Plant Community Monitoring at Badlands National Park

close up of a small plant growing in a dome shape with thin narrow leaves and small white flowers. in a sand dune
Spiny phlox (Phlox hoodii) can be found at Badlands National Park.



Badlands National Park in southwestern South Dakota protects one of the largest expanses of mixed-grass prairie in the U.S. Roughly half of the park is covered with ankle-high and waist-high grasses. Trees, shrubs, and forbs (flowering plants that are not woody and not a grass or grass-like) grow here too, but grasses dominate the landscape. The park lies in a transitional zone between the moister tall-grass prairie habitats to the east and the more arid short-grass prairie to the west.

Prairie plants are sensitive to stressors, including invasive species, habitat fragmentation, climate change, pollution, and altered fire and grazing patterns. Park management actions, such as prescribed fire and exotic species control, may also affect plant communities. The Northern Great Plains Inventory and Monitoring Network conducts long-term monitoring of plant communities at Badlands National Park because it helps us better understand the current health of ecosystems and it can provide an early warning system of undesirable changes.

A woman standing and writing on a clipboard while two other people crouch in the grass looking at plants within a square frame on the ground.
Researchers record plant species along a transect and in a square plot at this prairie monitoring site in Badlands National Park.


What We Monitor

We established plant monitoring plots throughout the park in 2011. A subset of these plots are monitored each year on a rotating basis. Additional plots are monitored in active burn units. At each plot, we record the native and exotic plant species found and the vegetation cover for each species, a measure of how much ground is covered by the plants. The NPS Northern Great Plains Fire Ecology Program began vegetation monitoring on the park in the late 1990s to evaluate the effectiveness of prescribed burns. The NPS Northern Great Plains Fire Ecology program began collaborating with us in 2011 to understand the effect of prescribed fires. The Fire Ecology Program monitors additional plots in active burn units.

cluster of yellow flowers on along a green stem with blurred green vegetation in the background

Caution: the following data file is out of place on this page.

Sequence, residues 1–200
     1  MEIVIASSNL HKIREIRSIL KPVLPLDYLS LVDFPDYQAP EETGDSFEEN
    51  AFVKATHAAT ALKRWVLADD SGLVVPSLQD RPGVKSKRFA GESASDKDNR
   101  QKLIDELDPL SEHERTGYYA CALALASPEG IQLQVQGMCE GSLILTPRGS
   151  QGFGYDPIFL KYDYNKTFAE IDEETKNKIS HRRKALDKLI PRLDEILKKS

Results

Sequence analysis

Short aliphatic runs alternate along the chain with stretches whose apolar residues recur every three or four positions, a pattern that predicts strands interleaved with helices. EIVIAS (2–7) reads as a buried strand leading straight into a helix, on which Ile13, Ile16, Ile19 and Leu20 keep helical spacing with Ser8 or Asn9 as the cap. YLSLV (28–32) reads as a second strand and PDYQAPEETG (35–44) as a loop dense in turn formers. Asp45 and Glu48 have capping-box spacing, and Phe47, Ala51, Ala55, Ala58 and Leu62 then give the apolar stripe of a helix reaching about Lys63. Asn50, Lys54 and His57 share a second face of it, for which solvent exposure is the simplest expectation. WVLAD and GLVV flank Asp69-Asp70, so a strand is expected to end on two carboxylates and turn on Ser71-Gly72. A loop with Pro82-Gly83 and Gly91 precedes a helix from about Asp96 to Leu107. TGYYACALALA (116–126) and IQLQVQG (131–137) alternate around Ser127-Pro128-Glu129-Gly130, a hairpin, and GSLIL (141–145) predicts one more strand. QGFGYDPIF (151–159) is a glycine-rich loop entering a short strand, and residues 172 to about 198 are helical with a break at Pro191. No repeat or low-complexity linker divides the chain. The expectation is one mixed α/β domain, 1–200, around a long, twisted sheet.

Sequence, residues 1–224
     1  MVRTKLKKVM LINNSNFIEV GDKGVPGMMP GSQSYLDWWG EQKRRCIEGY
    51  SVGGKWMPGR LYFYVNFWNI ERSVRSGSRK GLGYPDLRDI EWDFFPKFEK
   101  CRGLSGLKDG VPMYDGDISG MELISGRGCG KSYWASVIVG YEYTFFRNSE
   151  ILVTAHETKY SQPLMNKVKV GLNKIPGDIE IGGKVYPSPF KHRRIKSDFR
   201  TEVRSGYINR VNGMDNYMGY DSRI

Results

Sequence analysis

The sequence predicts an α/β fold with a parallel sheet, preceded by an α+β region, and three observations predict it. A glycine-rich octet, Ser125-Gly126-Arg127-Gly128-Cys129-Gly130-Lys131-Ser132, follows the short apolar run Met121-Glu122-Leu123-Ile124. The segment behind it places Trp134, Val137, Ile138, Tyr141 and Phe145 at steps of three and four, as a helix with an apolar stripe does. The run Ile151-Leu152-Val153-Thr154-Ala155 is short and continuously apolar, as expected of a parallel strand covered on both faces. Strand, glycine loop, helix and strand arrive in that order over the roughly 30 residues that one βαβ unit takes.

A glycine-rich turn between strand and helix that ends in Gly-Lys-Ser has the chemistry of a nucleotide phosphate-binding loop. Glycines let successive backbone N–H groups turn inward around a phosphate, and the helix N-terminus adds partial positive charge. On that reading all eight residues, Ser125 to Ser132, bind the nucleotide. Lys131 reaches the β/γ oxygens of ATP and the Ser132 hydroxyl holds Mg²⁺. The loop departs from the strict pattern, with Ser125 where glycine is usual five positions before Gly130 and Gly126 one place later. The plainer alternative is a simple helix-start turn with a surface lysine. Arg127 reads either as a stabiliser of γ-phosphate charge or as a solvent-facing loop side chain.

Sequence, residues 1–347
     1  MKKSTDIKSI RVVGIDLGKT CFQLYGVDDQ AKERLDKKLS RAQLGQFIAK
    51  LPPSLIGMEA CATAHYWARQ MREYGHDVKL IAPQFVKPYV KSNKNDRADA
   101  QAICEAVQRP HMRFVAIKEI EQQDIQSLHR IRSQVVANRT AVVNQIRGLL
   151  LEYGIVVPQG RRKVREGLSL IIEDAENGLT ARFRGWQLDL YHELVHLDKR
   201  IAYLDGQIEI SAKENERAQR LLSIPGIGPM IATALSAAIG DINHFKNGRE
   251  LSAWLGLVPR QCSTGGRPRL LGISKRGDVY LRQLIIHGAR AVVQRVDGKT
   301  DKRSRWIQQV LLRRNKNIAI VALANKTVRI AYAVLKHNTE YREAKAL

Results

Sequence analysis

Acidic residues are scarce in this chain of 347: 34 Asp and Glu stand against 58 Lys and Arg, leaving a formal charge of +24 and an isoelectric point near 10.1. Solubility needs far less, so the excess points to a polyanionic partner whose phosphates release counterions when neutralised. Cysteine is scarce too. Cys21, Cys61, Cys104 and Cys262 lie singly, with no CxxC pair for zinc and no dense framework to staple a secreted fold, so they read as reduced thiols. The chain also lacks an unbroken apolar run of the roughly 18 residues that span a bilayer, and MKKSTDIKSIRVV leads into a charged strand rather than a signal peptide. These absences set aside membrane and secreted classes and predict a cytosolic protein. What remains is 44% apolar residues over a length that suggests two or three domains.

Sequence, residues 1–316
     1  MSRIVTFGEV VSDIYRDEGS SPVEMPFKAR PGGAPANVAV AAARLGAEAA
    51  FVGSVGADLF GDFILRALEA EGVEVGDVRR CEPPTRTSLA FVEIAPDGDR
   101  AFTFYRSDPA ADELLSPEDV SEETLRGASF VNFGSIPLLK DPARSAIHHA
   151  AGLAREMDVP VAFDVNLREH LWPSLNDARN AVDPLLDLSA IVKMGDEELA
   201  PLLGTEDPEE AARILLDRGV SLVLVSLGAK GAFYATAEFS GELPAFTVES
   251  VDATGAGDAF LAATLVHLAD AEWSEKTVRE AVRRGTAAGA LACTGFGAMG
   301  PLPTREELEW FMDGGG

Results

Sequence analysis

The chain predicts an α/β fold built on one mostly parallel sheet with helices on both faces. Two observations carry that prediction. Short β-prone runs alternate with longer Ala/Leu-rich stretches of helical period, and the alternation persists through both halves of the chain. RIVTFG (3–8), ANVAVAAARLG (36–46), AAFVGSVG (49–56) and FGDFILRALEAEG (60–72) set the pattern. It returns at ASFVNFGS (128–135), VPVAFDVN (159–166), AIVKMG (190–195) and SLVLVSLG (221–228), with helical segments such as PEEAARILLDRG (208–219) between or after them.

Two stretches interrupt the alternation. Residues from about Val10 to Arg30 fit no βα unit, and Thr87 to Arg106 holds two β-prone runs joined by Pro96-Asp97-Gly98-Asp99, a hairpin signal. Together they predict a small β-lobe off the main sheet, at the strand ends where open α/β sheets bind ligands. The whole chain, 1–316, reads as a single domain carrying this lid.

Yellow sweetclover (Melilotus officinalis) is a common exotic species at Badlands National Park.


Plant Communities in the Park

There are 444 plants on the Bandlands National Park plant list. In 2018, we identified 194 unique plant species in monitoring plots. More than 355 plant species have been found since we began monitoring plants in 1998. Graminoids (grasses, sedges, and rushes) accounted for most of the vegetation cover, but forbs, shrubs, and subshrubs (low-growing shrubs) are also present.

Seventy-six exotic plant species have been found; Japanese brome (Bromus japonicus), Kentucky bluegrass (Poa pratensis), and yellow sweetclover (Melilotus officinalis) are the most pervasive exotic plants on the park. Western wheatgrass (Pascopyrum smithii) is the most abundant native grass on the park. Only one rare plant, Barr's milkvetch (Astragalus barrii), has been detected during monitoring and it was found on only one plot.

More Details

  • Badlands National Park has a moderate diversity of plants compared to other mixed-grass prairies, although there was some variation. The current number of species is affected by by many factors, such as how often fires occur, grazing, and weather fluctuations, as well as the history of mixed land-use practices at the park.
  • There were no significant trends (increases or decreases) in the average number of plant species found at plots over time.
  • The vegetation cover of exotic plants has remained high since 1998 with an average relative cover of 32.5% in monitoring plots.
  • There were no relationships between the time since a prescribed burn and the number of native species or total plant cover of all exotic species, though exotic annual bromes did have less cover in plots that burned more recently. Reducing these exotic species will likely require other control methods, such as herbicide.
  • Native plant diversity was higher in plots that were in bison pastures (where bison graze). Bison can influence the productivity and diversity of mixed-grass prairie through grazing and the creation of bison wallows, both of which limit the cover of dominant grasses, allowing more species to grow.

landscape of grasslands and hills in background with many bison grazing in the foreground
Bison grazing is a source of natural disturbance to grassland habitats that can promote diversity of plants.


Did You Know?

During the last century, the Northern Great Plains experienced high levels of human-caused disturbance, including plowing for cropland, planting with non-natives to maximize livestock production, and other development. As a result, the Northern Great Plains prairie is now one of the most threatened ecosystems in the United States. Moderate disturbance in a prairie can contribute to diversity in grasslands, and some species grow better in slightly disturbed areas. However, high levels of disturbance, especially human-caused disturbances, often promote invasive or weedy species, allowing them to grow and spread. We are monitoring disturbances on the park to examine potential relationships between different types and levels of disturbance and prairie condition.

For More Information

Visit the Northern Great Plains Network website to read more about plant monitoring at Badlands National Park.

Protocol Contact, Northern Great Plains Inventory and Monitoring Network: Isabel Ashton

Summary by Northern Great Plains Network, updated in 2019

Part of a series of articles titled Plant Community Monitoring in Northern Great Plains Network Parks.

Badlands National Park

Last updated: July 28, 2020